“Turn out” sounds very archaic to me. Still US English, but archaic US English. “Turn off” is current (heh! ) native standard US English. Any other usage is ESL or regional idiom or …
To me at least.
This is a point that has always annoyed / confused me even as a kid.
To “open” a switch is to set it to “off” and block the flow of power. To “close” a switch is to set it to “on” and enable the flow of power. Which of course is exactly backwards from how we’d describe a fluid valve like a faucet or hose bib. There you “open” the valve to enable to flow of fluid and “close” the valve to block the flow.
I’ve never liked how “open” and “close” are applied to switches, but that is totally the official way the terminology is used. Which is why I totally avoid using that terminology.
If I had to guess what “open the light” or “close the light” meant in another language or in an ESL speaker’s idiom, I’d expect “open the light” to mean turn it on. So describing the electrical switch’s action like a water valve, not like the terms properly used for switches.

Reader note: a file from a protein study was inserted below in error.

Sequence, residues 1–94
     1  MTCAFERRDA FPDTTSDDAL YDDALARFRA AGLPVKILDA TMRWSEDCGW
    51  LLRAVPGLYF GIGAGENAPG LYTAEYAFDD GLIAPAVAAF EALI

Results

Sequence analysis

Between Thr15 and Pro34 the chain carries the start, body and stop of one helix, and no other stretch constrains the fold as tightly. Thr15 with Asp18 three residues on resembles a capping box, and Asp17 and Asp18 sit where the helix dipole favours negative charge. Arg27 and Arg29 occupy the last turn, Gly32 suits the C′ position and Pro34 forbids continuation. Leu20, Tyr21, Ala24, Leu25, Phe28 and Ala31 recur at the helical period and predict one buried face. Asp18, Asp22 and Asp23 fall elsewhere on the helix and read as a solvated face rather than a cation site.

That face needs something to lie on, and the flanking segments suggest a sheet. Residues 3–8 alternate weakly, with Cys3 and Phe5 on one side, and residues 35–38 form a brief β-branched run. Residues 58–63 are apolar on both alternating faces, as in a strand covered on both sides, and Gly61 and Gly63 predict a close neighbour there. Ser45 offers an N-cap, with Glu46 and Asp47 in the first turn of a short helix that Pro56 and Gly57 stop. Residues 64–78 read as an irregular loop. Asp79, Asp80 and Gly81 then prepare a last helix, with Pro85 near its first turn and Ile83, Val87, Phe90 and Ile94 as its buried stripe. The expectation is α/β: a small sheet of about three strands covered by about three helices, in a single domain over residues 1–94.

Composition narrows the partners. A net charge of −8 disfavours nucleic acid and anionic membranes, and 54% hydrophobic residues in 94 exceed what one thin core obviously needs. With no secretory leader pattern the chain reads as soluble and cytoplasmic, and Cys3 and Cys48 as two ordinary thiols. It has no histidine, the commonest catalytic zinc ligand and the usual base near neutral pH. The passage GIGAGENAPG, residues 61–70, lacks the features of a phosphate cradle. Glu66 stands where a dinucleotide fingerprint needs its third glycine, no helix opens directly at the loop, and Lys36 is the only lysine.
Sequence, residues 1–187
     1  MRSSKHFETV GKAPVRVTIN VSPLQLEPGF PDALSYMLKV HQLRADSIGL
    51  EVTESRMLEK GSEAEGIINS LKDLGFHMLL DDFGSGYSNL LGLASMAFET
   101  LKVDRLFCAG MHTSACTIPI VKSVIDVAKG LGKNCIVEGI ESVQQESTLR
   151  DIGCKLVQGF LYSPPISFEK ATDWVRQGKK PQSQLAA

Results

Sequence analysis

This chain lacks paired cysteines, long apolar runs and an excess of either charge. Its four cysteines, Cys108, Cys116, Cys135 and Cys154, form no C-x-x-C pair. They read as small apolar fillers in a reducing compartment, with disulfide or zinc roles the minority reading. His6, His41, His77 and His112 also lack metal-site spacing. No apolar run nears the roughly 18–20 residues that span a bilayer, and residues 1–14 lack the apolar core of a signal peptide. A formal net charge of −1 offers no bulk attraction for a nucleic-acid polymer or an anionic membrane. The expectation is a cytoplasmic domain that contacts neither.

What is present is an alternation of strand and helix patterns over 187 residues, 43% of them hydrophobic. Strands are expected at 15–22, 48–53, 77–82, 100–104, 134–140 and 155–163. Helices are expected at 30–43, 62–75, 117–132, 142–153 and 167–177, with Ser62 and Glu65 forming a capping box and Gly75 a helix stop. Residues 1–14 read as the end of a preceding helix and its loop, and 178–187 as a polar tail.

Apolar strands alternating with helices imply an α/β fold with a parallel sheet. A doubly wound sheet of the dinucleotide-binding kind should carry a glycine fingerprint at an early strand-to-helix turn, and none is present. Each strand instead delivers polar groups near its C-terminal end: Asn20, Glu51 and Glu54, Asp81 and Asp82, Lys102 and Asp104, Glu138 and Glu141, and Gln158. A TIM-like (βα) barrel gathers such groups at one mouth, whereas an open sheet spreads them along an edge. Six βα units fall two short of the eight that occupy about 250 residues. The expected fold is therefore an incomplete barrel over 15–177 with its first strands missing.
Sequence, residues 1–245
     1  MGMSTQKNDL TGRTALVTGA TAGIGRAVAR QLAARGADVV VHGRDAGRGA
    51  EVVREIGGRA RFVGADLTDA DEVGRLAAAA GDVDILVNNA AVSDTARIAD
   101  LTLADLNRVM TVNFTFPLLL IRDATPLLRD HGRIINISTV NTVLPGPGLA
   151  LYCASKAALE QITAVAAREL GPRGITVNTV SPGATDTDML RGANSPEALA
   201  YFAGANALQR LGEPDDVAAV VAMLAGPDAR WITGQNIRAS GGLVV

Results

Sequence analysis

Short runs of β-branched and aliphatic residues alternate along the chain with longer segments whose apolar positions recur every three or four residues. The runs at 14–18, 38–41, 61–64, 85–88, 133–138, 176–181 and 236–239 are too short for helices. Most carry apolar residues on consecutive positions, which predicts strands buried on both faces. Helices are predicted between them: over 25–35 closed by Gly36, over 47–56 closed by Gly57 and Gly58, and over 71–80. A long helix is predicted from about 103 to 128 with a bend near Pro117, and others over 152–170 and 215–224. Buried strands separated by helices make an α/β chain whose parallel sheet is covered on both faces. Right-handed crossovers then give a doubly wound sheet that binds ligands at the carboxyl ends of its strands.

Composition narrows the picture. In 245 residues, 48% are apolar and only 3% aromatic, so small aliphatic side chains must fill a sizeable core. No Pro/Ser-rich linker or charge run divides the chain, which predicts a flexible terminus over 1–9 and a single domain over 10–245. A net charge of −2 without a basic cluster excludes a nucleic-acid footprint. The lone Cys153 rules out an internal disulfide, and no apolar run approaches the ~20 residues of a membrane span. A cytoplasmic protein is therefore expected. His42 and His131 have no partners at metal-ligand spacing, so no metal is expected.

For me (northern Ohio, with western Pennsylvania influences), the current state of a properly-functioning light is always “on” or “off”. If a light is “out”, then it’s not functioning properly, and is staying dark even when the switch is flipped (which might be due to the bulb being burned out, or might be due to a power outage, or might be a problem with the wiring in the walls, or whatever). The one exception is the two-word imperative phrase “Lights out!”, which sounds slightly more natural than “Lights off!” (and there’s no parallel command to turn the lights on, because nobody needs to be commanded to do that).